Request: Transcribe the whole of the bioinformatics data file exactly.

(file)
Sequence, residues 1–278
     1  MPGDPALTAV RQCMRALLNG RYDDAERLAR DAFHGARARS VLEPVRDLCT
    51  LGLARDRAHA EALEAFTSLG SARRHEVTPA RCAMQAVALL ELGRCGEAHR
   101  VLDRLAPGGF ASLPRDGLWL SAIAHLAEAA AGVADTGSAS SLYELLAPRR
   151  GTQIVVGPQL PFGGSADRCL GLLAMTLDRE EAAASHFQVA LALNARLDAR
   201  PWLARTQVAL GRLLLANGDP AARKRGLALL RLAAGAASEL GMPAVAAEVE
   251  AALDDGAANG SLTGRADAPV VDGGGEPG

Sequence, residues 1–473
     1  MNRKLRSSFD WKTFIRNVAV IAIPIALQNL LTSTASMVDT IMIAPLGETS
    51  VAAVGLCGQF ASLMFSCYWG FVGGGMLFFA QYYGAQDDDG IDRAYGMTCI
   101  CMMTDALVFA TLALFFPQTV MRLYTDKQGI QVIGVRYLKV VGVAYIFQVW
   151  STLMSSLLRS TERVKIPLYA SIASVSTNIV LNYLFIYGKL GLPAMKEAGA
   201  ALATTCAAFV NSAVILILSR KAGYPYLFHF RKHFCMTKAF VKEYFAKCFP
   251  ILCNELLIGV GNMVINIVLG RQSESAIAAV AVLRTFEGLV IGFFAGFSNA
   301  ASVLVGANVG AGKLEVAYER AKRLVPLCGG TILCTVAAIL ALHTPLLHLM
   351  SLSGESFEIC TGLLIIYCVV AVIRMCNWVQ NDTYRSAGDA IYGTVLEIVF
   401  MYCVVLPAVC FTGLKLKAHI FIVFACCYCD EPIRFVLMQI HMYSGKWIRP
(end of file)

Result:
Sequence, residues 1–278
     1  MPGDPALTAV RQCMRALLNG RYDDAERLAR DAFHGARARS VLEPVRDLCT
    51  LGLARDRAHA EALEAFTSLG SARRHEVTPA RCAMQAVALL ELGRCGEAHR
   101  VLDRLAPGGF ASLPRDGLWL SAIAHLAEAA AGVADTGSAS SLYELLAPRR
   151  GTQIVVGPQL PFGGSADRCL GLLAMTLDRE EAAASHFQVA LALNARLDAR
   201  PWLARTQVAL GRLLLANGDP AARKRGLALL RLAAGAASEL GMPAVAAEVE
   251  AALDDGAANG SLTGRADAPV VDGGGEPG

Sequence, residues 1–473
     1  MNRKLRSSFD WKTFIRNVAV IAIPIALQNL LTSTASMVDT IMIAPLGETS
    51  VAAVGLCGQF ASLMFSCYWG FVGGGMLFFA QYYGAQDDDG IDRAYGMTCI
   101  CMMTDALVFA TLALFFPQTV MRLYTDKQGI QVIGVRYLKV VGVAYIFQVW
   151  STLMSSLLRS TERVKIPLYA SIASVSTNIV LNYLFIYGKL GLPAMKEAGA
   201  ALATTCAAFV NSAVILILSR KAGYPYLFHF RKHFCMTKAF VKEYFAKCFP
   251  ILCNELLIGV GNMVINIVLG RQSESAIAAV AVLRTFEGLV IGFFAGFSNA
   301  ASVLVGANVG AGKLEVAYER AKRLVPLCGG TILCTVAAIL ALHTPLLHLM
   351  SLSGESFEIC TGLLIIYCVV AVIRMCNWVQ NDTYRSAGDA IYGTVLEIVF
   401  MYCVVLPAVC FTGLKLKAHI FIVFACCYCD EPIRFVLMQI HMYSGKWIRP